Press release

Support for further education sector to develop maths teachers of the future

Government launches scheme to help raise maths standards of young people and adults by investing in the teachers of the future.

This was published under the 2010 to 2015 Conservative and Liberal Democrat coalition government


The government is today (27 August 2014) launching a scheme to help raise maths standards of young people and adults by investing in the teachers of the future. The initiative will see further education colleges and providers given grants to support training of maths graduates employed to teach the subject at GCSE level and above.

The initiative is specifically designed to help colleges and providers with the training of graduate maths teachers who are completing their teaching qualifications while working in the classroom, reflecting the further education sector’s preferred method of training new recruits while they teach. Colleges and training providers will be able to apply for a payment of £20,000 per graduate trainee and will be given the freedom and flexibility to provide the support and training that best meets the needs of each graduate.

Commenting on the launch of the scheme, Skills Minister Nick Boles said:

Maths is essential for any job, that’s why we are committed to getting the basics right and ensuring that all learners are able to develop these vital skills. Over the next 2 years we are investing more than £30 million to raise the quality and quantity of teaching in further education. This scheme will give the sector the knowledge and confidence to deliver excellent maths teaching and has been designed to give colleges and providers the freedom to train their new teachers in the most effective way possible.

The government has outlined its commitment to improving the quantity, quality and professionalism of specialist teachers and trainers, especially in maths as part of the Further Education Workforce Strategy, published in July of this year (2014). Today’s scheme will work alongside existing programmes - including the previously announced Golden Hello initiative for new graduate maths teachers - and will support the move for GCSEs to become the standard qualification in post-16 education from 2015 onwards.

Interested colleges and providers will be able to apply online for the support from the 1st September 2014 until 31 July 2015.

Helen Pettifor, Director of Professional Standards and Workforce Development at the Education and Training Foundation said:

People join this sector from many different industries and training on the job is an important route for colleges and training organisations looking to qualify new teaching staff. This scheme will really complement the work we are doing at the Education and Training Foundation- our FE Advice helpline receives many calls from people interested in teaching who want to learn on the job.

Joy Mercer, Director of Policy at the Association of Colleges, said:

One of the best ways of increasing the number of maths teachers who can teach students who haven’t got GCSE grade A* to C, is to provide training on the job. We are very pleased that colleges will have a resource they can use to ensure that potential maths teachers have the best possible programme of training while they are also developing their skills in the classroom.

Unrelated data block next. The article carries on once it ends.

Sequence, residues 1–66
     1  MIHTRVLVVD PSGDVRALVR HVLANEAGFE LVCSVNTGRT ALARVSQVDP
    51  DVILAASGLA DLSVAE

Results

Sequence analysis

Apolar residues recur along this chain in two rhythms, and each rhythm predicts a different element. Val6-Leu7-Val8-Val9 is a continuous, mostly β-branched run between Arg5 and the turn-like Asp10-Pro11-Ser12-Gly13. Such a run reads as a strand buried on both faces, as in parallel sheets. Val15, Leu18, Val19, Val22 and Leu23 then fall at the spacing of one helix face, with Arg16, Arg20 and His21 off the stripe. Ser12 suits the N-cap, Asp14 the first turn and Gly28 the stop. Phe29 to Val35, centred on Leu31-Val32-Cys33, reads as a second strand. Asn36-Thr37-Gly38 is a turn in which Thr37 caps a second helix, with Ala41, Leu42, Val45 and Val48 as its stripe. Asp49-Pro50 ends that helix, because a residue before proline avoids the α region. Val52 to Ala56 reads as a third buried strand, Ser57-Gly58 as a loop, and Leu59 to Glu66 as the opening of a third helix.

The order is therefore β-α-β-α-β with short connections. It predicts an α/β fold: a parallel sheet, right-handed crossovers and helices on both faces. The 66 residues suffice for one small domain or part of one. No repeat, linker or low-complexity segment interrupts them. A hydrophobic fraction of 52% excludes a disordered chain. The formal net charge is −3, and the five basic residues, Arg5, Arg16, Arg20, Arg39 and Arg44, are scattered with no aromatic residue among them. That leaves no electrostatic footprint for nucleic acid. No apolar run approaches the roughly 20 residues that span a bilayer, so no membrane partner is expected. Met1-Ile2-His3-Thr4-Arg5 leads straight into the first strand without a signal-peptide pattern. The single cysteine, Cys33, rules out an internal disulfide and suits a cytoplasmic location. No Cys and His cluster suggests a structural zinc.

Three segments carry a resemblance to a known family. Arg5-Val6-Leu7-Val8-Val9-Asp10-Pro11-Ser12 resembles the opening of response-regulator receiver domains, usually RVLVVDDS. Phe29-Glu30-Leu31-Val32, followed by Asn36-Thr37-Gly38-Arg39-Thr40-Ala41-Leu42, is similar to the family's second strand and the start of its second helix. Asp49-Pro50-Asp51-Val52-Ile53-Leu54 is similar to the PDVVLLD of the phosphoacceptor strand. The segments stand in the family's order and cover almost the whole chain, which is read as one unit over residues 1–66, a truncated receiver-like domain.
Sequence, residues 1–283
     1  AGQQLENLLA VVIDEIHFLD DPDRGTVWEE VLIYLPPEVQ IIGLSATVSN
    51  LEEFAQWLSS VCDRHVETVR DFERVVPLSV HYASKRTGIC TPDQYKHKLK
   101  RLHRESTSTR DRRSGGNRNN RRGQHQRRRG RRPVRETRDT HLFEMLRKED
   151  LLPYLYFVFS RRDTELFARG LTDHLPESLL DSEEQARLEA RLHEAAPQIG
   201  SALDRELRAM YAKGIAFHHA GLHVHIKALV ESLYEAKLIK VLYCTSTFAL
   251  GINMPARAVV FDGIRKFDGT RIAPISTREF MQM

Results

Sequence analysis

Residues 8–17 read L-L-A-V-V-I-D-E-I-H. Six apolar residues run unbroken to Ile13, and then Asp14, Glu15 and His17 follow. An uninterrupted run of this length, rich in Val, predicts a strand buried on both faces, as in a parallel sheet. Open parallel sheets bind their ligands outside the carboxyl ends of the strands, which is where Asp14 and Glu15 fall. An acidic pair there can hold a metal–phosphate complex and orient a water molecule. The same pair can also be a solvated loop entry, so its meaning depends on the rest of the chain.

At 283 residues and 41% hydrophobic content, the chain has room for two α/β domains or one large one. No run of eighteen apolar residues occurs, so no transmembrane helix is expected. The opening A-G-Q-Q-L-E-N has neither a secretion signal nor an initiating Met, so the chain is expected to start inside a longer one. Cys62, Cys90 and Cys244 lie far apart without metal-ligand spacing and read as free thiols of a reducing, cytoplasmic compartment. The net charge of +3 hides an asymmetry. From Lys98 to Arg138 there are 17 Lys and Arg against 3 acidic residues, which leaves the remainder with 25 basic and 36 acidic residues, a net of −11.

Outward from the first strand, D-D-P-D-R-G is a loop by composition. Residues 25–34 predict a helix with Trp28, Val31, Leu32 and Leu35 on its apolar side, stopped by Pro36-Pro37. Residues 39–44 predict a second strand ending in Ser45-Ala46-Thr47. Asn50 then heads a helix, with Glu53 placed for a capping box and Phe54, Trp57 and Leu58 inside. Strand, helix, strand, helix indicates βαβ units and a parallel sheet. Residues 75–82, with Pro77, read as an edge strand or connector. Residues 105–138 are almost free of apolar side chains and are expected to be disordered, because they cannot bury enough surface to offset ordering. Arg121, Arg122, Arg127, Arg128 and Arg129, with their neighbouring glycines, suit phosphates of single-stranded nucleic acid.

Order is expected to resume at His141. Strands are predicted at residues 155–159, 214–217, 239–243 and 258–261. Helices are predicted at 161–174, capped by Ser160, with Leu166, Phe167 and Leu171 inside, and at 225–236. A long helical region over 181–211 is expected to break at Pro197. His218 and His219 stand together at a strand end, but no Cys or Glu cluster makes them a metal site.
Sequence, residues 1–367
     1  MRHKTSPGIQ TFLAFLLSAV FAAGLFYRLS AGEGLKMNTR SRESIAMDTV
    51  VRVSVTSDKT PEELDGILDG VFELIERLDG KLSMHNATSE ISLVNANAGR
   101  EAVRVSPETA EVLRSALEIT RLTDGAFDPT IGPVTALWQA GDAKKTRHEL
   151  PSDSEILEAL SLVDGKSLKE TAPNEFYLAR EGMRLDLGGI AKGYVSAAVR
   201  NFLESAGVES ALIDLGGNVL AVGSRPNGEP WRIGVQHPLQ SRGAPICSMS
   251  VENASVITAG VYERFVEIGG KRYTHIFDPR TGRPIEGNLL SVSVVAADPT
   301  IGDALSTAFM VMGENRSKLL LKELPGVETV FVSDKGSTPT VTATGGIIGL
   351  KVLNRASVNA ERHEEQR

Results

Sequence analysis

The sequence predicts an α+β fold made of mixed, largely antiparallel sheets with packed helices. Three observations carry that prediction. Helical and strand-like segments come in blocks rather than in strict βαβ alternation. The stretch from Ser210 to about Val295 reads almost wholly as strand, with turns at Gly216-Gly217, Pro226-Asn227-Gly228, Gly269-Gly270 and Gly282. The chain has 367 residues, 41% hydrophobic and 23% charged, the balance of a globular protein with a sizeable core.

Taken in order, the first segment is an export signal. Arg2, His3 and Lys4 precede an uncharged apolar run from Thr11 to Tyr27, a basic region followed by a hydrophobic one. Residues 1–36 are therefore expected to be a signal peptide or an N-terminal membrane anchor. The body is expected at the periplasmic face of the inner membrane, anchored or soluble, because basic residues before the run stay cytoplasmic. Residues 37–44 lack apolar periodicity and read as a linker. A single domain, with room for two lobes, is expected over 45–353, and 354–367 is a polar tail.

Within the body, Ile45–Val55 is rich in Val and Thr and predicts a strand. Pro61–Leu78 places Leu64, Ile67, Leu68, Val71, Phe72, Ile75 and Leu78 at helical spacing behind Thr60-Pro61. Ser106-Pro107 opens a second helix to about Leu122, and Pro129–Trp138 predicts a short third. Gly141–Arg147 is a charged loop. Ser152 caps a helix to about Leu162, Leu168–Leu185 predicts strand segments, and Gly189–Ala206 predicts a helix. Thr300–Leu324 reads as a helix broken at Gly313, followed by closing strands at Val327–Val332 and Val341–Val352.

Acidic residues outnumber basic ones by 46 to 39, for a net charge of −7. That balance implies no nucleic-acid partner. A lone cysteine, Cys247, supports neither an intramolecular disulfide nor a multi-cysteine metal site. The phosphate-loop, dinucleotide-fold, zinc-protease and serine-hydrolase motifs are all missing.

Notes to editors

  1. Details of the scheme and how to apply are available online at Funding for in-service Maths teacher training in FE guidance.
  2. The scheme will provide employers with £20,000 for each graduate trainee who is employed and commences their initial teacher training between 1 Sept 2014 and 31 July 2015.
  3. The scheme will be made available to publicly funded colleges and independent Further Education (FE) providers that employ a graduate to be trained through an ‘in-service’ teacher training programme. Only publicly funded FE employers can apply, not trainees.
  4. Training programmes must lead to the award of a recognised teaching qualification for FE and enable the teacher to teach maths to at least GCSE level.
  5. The scheme allows colleges and providers to determine whether they provide in-house training, commission the training through a third party or choose a mixture of the 2.
  6. Employers who have 65% or more of their classroom-based adult (19 years old and above) learners attracting disadvantage funding from the Skills Funding Agency in the 2013 to 2014 academic year will receive an additional £2000.
  7. The scheme is additional to other incentives announced in the FE workforce strategy which is available to view online at Further education workforce strategy. The strategy, published in July 2014, sets out the government’s commitment to improving the quantity, quality and professionalism of teachers in FE.
  8. A Golden Hello Scheme for new graduate mathematics teachers in FE was announced earlier this year to support the recruitment and retention of good mathematics teachers. The scheme provides a one off payment of up to £10,000 made after completion of the second year of employment for graduates who are newly qualified teachers and have undertaken a mathematics ITT programme allowing them to teach in FE.
  9. It is a condition of funding from academic year 2014 to 2015 for all students on 16 to 19 study programmes to study maths and or English unless they have at least a grade C GSCE. This scheme is designed to work alongside others to address the resulting need for more maths teachers equipped with the skills to teach the subject at GCSE level and above. More information on the condition of funding for post-16 students without GCSE grade C in maths and/or English is available online at Maths and English conditions of funding post 16.
Published 27 August 2014